City treasurer is a position people don’t think about much.
Members of one organization have been thinking about San Francisco Treasurer Jose Cisneros quite a bit, however.
Cisneros, running unopposed this November, travels a lot. In fact, among all San Francisco elected officials in recent years, Cisneros takes the cake in travel paid by someone else — largely coming from one group with connections to Wall Street as San Francisco explores establishing a public bank. When a public official travels on someone else’s dime, they have to file a disclosure with the Ethics Commission. This public official travel data has been collected since 2007.
Since March 2015, Cisneros has made 46 travel disclosures, some being amendments, as he travels around the country — twice the amount of the next most disclosures by a San Francisco official (District Attorney George Gascón has 23). Mayor London Breed has the third most disclosures with 10.
Even more interesting than the total number of disclosures is who’s paying for them.
More than a quarter of Cisneros’ trip filings (12) have been paid for by the nonprofit Cities for Financial Empowerment Fund. That’s four times the number of the next highest number of trips by an official paid for by the same entity.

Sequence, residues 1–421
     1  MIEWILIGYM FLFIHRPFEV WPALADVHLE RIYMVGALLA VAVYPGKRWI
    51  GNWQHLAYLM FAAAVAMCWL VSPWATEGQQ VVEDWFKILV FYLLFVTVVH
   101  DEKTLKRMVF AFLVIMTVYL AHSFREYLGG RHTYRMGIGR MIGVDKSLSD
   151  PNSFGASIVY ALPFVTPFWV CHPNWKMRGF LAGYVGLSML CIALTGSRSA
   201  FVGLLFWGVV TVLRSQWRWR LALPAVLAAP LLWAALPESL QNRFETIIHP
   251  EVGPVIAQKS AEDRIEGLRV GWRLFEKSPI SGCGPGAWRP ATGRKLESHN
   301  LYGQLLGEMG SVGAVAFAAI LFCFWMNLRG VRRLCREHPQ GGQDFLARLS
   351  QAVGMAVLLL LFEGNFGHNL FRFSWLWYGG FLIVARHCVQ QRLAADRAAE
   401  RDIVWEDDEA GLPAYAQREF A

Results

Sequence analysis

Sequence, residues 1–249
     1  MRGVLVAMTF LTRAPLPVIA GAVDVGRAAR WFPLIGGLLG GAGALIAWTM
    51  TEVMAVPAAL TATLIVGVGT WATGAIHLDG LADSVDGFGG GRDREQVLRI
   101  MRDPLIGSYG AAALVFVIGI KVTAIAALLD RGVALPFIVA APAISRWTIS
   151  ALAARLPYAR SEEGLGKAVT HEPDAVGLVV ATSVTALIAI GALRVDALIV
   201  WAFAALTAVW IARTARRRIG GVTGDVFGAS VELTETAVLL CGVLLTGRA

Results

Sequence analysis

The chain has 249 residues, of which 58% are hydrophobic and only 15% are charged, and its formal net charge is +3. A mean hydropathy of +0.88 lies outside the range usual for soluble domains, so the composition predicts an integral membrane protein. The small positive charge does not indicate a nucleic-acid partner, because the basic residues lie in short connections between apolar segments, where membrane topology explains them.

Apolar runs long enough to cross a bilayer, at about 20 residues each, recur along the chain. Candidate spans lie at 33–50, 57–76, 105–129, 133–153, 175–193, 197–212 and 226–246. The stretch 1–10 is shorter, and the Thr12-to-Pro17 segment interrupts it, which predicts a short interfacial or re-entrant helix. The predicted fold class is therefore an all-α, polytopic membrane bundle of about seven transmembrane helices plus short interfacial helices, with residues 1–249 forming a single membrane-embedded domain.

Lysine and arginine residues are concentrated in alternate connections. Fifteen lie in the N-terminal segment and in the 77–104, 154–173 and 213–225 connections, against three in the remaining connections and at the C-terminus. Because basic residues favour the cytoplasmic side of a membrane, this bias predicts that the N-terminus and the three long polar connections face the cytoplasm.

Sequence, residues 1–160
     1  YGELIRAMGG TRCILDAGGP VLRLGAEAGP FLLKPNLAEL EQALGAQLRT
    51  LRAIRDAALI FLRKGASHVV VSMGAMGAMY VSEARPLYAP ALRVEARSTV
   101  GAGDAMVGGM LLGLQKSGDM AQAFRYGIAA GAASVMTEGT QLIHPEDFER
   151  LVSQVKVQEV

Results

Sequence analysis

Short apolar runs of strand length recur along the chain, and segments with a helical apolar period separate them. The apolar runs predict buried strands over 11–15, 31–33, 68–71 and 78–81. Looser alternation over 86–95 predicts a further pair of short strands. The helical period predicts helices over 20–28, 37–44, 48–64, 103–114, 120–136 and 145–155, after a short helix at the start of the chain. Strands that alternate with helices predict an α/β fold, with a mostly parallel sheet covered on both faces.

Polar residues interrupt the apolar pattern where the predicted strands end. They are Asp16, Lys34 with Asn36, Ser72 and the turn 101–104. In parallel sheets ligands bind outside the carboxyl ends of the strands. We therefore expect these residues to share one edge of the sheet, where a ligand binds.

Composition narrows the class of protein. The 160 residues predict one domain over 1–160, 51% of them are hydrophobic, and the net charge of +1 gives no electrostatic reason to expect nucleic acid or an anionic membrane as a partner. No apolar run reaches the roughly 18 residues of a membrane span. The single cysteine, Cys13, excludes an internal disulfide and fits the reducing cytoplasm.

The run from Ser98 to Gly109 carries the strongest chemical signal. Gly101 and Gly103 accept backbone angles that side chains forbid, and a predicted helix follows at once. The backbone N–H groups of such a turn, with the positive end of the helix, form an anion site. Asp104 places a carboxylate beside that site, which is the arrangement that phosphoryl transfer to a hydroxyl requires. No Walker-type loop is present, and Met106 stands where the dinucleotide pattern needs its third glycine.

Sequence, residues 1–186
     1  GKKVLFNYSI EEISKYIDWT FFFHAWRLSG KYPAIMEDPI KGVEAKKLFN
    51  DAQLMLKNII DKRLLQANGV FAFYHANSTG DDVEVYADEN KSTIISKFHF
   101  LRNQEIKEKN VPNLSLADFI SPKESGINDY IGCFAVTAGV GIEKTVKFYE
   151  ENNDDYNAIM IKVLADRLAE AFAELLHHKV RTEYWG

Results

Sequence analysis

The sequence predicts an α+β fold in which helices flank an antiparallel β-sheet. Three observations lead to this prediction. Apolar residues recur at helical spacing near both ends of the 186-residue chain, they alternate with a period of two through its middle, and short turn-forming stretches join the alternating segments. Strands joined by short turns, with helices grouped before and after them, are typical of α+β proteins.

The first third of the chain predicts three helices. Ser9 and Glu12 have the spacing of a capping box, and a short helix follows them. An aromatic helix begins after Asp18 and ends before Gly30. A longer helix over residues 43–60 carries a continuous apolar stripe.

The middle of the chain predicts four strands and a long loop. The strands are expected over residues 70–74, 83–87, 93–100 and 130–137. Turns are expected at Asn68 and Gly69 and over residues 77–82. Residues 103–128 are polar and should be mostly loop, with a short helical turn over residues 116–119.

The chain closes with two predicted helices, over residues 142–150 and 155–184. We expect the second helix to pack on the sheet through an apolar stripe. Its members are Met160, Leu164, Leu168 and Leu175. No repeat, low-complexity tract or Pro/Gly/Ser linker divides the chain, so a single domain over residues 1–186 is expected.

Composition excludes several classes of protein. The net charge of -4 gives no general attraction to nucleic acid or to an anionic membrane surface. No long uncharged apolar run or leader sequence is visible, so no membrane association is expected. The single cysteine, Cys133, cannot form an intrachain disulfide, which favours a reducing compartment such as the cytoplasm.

Cisneros co-founded the nonprofit in 2008 with then-San Francisco Mayor Gavin Newsom and New York Mayor Michael Bloomberg at the beginning of the recession with the goal of getting cities more involved in the financial stability of their residents. The theory behind the organization was that cities would help their residents become more financially stable through initiatives like banking the unbanked and preventing predatory practices. It now has 16 coalition members and dozens of associated financial empowerment projects across the country.
Part of the coalition’s network includes San Francisco’s Office of Financial Empowerment with programs to connect residents to banks, provide financial coaching, educate youth on finance, and even universal child savings.
“I’m proud of the work we’ve done around financial empowerment,” Cisneros tells SF Weekly. “I’m often asked to speak at conferences and to engage in the CFE Fund and Coalition. I’m excited that other cities and localities are interested and eager to do that work as well.”
Not all agree with CFE Fund’s mission. Jackie Fielder of the activist-run San Francisco Public Bank Coalition also wants to see payday lenders out of business but says aspects like the Bank On program merely replaces “one financial abuser for another.” CFE Fund’s funding partners are big financial institutions like Bank of America, Capital One, Wells Fargo, Visa, Deutsche Bank, and JPMorgan Chase. The Bank On initiative, which is part of the city’s Office of Financial Empowerment programming, helps low-income residents sign up for accounts at places like Bank of America. Cisneros kicked Wells Fargo out of the program in 2016 after news emerged of its fake accounts.
“CFE finds thousands of new customers for these big banks through the Bank On programs that Treasurer Cisneros has spread throughout the country on San Francisco taxpayer’s dollar,” Fielder says. “Seeing that Wall Street banks are flying Treasurer Cisneros around the country to find them new customers and boost their public image, it does not surprise me that he has been skeptical of a public bank for the public good.”